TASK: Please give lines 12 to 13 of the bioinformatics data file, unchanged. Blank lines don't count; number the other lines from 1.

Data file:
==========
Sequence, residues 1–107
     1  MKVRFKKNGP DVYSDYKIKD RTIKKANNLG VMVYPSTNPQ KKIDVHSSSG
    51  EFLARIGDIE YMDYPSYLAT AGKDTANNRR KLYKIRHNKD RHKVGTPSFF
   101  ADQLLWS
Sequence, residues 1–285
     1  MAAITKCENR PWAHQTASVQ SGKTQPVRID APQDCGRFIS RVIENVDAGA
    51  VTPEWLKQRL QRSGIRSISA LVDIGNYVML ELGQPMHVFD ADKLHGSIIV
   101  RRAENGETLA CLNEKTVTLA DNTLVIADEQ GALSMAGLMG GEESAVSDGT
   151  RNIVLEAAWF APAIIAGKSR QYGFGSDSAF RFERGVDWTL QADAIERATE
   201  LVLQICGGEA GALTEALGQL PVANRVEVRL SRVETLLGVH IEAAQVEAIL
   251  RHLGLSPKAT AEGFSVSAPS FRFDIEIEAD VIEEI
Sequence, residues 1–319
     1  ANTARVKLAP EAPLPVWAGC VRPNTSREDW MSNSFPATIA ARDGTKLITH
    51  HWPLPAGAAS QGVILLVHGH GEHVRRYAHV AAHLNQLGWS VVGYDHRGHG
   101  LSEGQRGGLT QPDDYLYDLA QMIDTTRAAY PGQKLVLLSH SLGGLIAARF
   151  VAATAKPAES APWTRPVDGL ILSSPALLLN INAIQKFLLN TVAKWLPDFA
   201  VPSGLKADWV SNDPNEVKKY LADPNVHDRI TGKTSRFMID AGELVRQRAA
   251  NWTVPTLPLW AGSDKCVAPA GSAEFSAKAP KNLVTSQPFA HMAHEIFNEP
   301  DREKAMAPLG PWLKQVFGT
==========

Sequence, residues 1–319
     1  ANTARVKLAP EAPLPVWAGC VRPNTSREDW MSNSFPATIA ARDGTKLITH